Click the pictures below to see them enlarged.
For Dutch readers: hier is een link naar een video waarin je kan zien hoe sterk het materiaal is waarvan de UTUR drum gemaakt is.
For English readers: Below is a translation of the text pictured
Slagwerkkrant. Issue number 229, may-june 2022.
BW Drums Farmers Drum IV en Utur XI
There are artists and there are drumbuilders. Every once in a while there's somebody who knows how to combine these two quite differing professions. Bart Westera is such a person. His BW drums are unique pieces, each and everyone of them, and that is surely the case with the two drums he sent us for an introduction.
Tekst and images: Dennis Boxem. Tekst translated from Dutch to English by Bart Westera.
When building a drum Westera lets his imagination flow freely. Sometimes he makes a drum with a austere wooden shell, nice clean hardware and a fairly modern straight look, but the next moment he surprises us with a drums that has a shell finished with fabric, wooden hardware, handmade hoops and other sassy design-features. There's one thing, though, that connects all his drum; they truely oose character.
As can be suspected by hearing the name, Farmers Drum IV is the fourth drum in a series. The name is related to the concept behind this series. Westera only allows himself to use a basic set of handtools, like a farmer would have in his barn. In making Farmers Drum nummer IV he also added the challenge of using four metals: aluminum, brass, copper and steel.
The basis of this drum is a staveshell made from birch. That shell is enclosed in two aluminum rings. In order to make those rings fit around the shell a groove had to made on the top and bottom side, which created a characreristic edge in the shell. The lugs are repurposed vintage ones; Westera removed the nickel from them to show the solid brass underneath. The hoops are a combination of brass on the inside and hammerd copper on the outside. The hoops are constructed in order to hide the fleshhoops of the drumheads from sight. The brass/copper hoops, on their turn, are kept in place with claws, that, like the strainer/throw and venthole, are handmade from raw steel.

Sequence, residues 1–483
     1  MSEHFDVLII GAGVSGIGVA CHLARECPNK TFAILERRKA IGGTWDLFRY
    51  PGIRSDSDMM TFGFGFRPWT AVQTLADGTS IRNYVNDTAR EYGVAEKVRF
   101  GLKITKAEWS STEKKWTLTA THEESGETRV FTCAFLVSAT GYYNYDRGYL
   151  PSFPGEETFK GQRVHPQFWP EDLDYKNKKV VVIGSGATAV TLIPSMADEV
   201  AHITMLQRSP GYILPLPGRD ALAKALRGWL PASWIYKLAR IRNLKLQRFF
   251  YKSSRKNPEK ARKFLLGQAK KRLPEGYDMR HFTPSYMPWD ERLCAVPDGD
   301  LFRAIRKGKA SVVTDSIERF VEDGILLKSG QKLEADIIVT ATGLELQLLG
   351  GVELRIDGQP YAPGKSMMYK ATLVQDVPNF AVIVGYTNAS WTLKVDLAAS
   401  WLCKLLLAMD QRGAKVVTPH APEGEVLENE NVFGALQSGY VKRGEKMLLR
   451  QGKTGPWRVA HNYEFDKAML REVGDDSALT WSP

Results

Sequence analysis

The amount of different techniques used in making this drum, and the mastery of them are unbelievable. The result is truely a work of art; you can look at it for at least half an hour before you have seen all the details. But Westera didn't fall into the trap of making a product that only looks good. Depite it's special looks this is a drum that in a technical sense is simply a good drum. The strainer/throw works excellently and, despite their heavily worked appearance, all tensions rods screw in the lugs as smoothly as can be. Also the hoops may look quite different than what you're used to, but they do exactly the same as generic factory hoops would do.
With respect to sound, this drum sounds like it looks; earthly. It is extraordinarily responsive en also with quiet playing it has a lot of character. It gives a nice gritty unkh with a pleasantly round and melodious resonance. When tuned a little higher the sound gets more focussed, but it keeps the warm and broad character that the lower tuning gave. Due to the hoops, rimshots are beatifully wide and thick, and they have a lot of "air". Tuned even higher the drum becomes shorter and more pointy, but when you hit a rimshot, that beautifully wide guttery sound keeps emerging. Due to the hybrid construction of the shell rimclicks sound amazingly full and fat. This Farmers Drum, with its specific character, is ideal for jazz, light pop, anything that needs controlled volume and optimal warmth.